Tennessee interfaith leaders come together against hate and white supremacy
Tennessee faith leaders are raising their voices, calling for love, faith, prayer, peace and solidarity with immigrant and refugee neighbors as the people of Middle Tennessee prepare for white nationalists who plan to rally on Oct. 28 against the foreign-born people settling in their communities.
The “White Lives Matter” rallies planned for Saturday in Shelbyville, and Murfreesboro have prompted more than 170 clergy from across the state to join together to condemn the white supremacist rallies and lift up local community members who have been holding daily vigils and doing neighborhood outreach in support of the immigrant community in those two cities.
The group of interfaith leaders — which include the Rev. Marie Bacchiocchi, Interim Conference Minister, Southeast Conference (SEC), United Church of Christ and the Rev. Heather Fosburgh Bardole, SEC Associate Conference Minister — has banded together to counter the hateful demonstrations planned by The Nationalist Front, the League of the South, the Traditionalist Worker Party and other organizations associated with the “Unite the Right” gathering in August in Charlottesville, Va.
“We have been reaching out to the clergy in the area to see how we can best support them and the response,”said Fosburgh Bardole. “For the most part, the response that the local clergy are doing is to meet the hate with love, and creating alternative events during the rally that focus on creating community and understanding among our diversity.”
As the faith statement notes, “We proclaim that our great faiths call us to welcome our neighbor. This gathering does not represent who we are as Tennesseans nor who we are as people of faith. Against their vision we stand with all of our neighbors in solidarity and love.”
Rabbi Shana Mackler from the Temple Nashville said, “As an American, I agree to the constitutional right to free speech. As a Rabbi, I cling to my right and responsibility to speak up and out against bigoted rhetoric, xenophobia, racism and antisemitism of these groups coming into our state. There is moral clarity here: Hate is NOT a religious value. My faith teaches to see the Divine image in every human being and to celebrate the dignity of difference, to love our neighbors as ourselves, to seek peace and pursue justice. We know where this dark road leads. Hate begets hate, and we’ve vowed ‘Never Again.’ People of good faith, standing together against that hate — that is the antidote.”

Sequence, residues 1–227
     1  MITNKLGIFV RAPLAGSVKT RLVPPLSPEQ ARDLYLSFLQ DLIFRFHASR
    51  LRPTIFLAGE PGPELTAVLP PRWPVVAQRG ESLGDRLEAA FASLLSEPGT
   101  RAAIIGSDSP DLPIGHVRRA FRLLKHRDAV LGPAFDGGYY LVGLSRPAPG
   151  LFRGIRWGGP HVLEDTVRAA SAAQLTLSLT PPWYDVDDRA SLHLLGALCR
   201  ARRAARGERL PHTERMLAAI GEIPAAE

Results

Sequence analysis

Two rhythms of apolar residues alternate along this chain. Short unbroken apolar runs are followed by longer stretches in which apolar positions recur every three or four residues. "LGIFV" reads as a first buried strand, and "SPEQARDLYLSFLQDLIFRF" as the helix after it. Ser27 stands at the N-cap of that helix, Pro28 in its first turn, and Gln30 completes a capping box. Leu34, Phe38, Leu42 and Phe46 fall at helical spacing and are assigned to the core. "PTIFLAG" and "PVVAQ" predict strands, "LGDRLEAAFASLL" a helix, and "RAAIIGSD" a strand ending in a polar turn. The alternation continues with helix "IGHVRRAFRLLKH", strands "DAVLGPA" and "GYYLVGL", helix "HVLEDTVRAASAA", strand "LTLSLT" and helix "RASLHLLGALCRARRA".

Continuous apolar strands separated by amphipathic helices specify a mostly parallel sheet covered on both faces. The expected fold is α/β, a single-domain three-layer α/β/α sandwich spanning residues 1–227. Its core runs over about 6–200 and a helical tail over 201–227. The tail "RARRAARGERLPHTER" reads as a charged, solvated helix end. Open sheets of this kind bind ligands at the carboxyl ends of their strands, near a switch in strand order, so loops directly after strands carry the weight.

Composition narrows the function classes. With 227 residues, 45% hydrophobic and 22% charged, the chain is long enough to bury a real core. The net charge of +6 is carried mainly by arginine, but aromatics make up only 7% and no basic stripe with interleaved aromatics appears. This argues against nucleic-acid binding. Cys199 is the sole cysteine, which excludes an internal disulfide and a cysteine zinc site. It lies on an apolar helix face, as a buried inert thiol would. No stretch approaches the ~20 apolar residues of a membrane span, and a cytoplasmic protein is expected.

The religious groups are holding vigils every afternoon this week in Shelbyville, gatherings where people of faith stand together for equal human dignity and against racism, with the last one being Friday, Oct. 27. The group is also holding a community prayer service at noon Friday at the First United Methodist Church in Shelbyville.
Residents are preparing for the Oct. 28 demonstration, doing community outreach to strengthen relationships with neighbors, putting up signs against white supremacy in business windows, and getting ready for a community response to show that there’s no room for hate in Middle Tennessee.
A committee of Shelbyville immigrants is planning a community cookout on Saturday morning to thank their supporters and provide an alternative space for Shelbyville residents and visitors to enjoy art, activities, and food together at the pavilion of Purdy Court Park.
Margaret Ernst, associate student pastor of the Brookmeade Congregational Church (UCC) will be providing spiritual care, serving on a street chaplaincy team at the counter event and cookout in Shelbyville. “I plan to be there for people who need pastoral care or just need someone available to talk. I want to be of service any way I can.”
Ernst, serving a church about an hour southeast of Shelbyville, an MDiv student at Vanderbilt Divinity School said, “Our collective salvation depends on the struggle against white supremacy.
“As a minister in formation in the Nashville area, I stand by Shelbyville and Murfreesboro residents and religious leaders who refuse to let their community be defined by a narrative of scarcity, hate, and fear,” she continued. “Those who seek to follow the gospel of Jesus Christ must speak up and resist the idol of whiteness in the many ways it seduces us, whether in the form of Neo-Nazis recruiting white people into their ranks or racism that corrodes our progressive spaces every day. We can and must be strategic in organizing our communities and resources for the long-haul journey out of the nightmare of white supremacy and into being ‘new creation’ together, everywhere we are and wherever we call home. If we don’t, the rallies happening in Shelbyville and Murfreesboro will be a precursor to signs of many worse things to come, not anomalies.”
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